Bitcoin and Monero are pretty popular, but what are the differences between the two? in this article, you’ll discover the primary technical distinctions with both cryptocurrencies.
Bitcoin and Monero are among the most well-known cryptocurrencies in the industry. Although Bitcoin is far more prominent than its competitor, many have begun seeing some inherent flaws, one of them being its privacy; this is where Monero steps in.
With many experts advocating more privacy measures for data protection in everyday life, Monero has become an essential addition to the market. This article will cover the main differences between Bitcoin and Monero to help users understand their main advantages and disadvantages.
A brief history of Bitcoin and Monero
|Original author/s||Satoshi Nakamoto||Nicolas van Saberhagen|
|Date released||03 January 2009||18 April 2014|
|Price (as of 17/06/2021)||$ 38 800||$ 270|
|Block generation time||10 minutes||2 minutes|
|Supply limit||21 million||N/A|
Interestingly, the founders of both Bitcoin and Monero still remain mysterious. Everyone by now has probably heard of Bitcoin as the world’s first official cryptocurrency launched at the start of January 2009 by the pseudonymous Satoshi Nakamoto.
The goal of Bitcoin was to create a decentralized peer-to-peer currency using cryptography where the power shifted from financial institutions and governments to ordinary folks. It is fair to say Bitcoin inspired thousands of altcoins and gave developers innovative ideas to develop cryptocurrencies beyond just being money.
One of these inventions was a coin focused on privacy, to which Monero was one of the first popularly recognized. The developers of Monero were clearly inspired by Bitcoin, even to the point where the project was previously known as Bitmonero (with ‘bit’ from Bitcoin and Monero meaning ‘coin’ in the Esperanto language).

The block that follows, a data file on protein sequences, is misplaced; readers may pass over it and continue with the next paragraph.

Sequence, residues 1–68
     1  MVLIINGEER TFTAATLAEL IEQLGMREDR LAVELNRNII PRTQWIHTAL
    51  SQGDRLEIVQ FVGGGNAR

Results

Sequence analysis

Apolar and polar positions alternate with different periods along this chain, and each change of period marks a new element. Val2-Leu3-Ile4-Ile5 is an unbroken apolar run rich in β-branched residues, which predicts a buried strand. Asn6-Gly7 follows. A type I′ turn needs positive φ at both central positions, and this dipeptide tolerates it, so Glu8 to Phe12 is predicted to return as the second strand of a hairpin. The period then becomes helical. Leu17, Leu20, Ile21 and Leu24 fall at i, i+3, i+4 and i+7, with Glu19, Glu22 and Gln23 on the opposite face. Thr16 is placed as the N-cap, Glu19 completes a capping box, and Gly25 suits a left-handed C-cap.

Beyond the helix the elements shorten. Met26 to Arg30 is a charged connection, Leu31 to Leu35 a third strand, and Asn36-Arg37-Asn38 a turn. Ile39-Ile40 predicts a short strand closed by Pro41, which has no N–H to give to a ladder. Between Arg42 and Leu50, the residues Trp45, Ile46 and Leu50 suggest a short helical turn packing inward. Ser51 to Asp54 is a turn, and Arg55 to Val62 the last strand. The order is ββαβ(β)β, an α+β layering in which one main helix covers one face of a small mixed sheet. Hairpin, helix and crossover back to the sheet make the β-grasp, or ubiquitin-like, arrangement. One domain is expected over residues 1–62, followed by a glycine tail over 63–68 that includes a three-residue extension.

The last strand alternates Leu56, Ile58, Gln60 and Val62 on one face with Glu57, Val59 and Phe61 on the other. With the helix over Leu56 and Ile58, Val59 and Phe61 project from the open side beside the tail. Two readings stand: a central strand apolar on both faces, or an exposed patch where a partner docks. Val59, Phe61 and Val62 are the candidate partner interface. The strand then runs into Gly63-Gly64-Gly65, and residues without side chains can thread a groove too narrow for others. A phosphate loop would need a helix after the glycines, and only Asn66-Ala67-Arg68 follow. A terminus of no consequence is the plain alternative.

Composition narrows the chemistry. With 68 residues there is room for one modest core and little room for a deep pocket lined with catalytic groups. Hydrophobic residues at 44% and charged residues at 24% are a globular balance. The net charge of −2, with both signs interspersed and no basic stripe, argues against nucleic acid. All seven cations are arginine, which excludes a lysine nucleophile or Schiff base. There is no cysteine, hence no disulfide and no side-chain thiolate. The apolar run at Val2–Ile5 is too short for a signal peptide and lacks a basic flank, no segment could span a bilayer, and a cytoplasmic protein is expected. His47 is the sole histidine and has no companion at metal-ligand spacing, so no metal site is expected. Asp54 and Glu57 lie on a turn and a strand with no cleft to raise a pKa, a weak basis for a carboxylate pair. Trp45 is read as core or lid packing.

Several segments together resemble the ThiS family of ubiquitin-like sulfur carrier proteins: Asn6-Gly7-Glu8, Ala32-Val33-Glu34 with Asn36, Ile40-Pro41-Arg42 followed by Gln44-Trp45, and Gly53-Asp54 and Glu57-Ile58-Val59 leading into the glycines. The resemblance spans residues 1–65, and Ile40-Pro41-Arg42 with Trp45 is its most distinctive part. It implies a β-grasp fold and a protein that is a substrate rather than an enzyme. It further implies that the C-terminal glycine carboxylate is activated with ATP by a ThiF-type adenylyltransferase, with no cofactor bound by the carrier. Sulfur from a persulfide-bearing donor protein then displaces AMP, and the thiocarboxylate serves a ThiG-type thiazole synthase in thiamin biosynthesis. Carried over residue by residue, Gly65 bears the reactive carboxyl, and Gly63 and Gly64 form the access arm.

Also, research suggests the early contributors, who are only known by aliases, came from the Bitcointalk forum. The creators saw Bitcoin’s lack of privacy as a fundamental flaw. So, using cryptographic technology known as CryptoNote designed for anonymous transactions, they sought to develop Monero, officially released on 18 April 2014.
So, where do Bitcoin and Monero primarily differ?
We should look at privacy, fungibility, transaction time/cost, and mining accessibility when observing the notable distinctions.
Privacy is probably the main differentiator between Bitcoin and Monero. Contrary to popular belief, coins like Bitcoin do not provide complete anonymity but are rather pseudonymous.
While public addresses do not inherently reveal real-world identities, some identification is possible by looking at Bitcoin’s block explorer. So, Bitcoin is only slightly anonymous as every forming block is publicly verifiable on the blockchain.
In contrast, Monero is wholly anonymous as transactions cannot be linked to an identifiable source. Monero achieves this attribute primarily with stealth addresses, one-time generated addresses used by senders for every transfer.
So, when multiple transactions occur between two parties, they cannot, through ordinary means, be traceable whatsoever. Monero also employs confidential ring transactions responsible for hiding the amount of XRM transacted in a block.
Although Monero provides transparency like Bitcoin via a block explorer, it is still more private because of its technologies.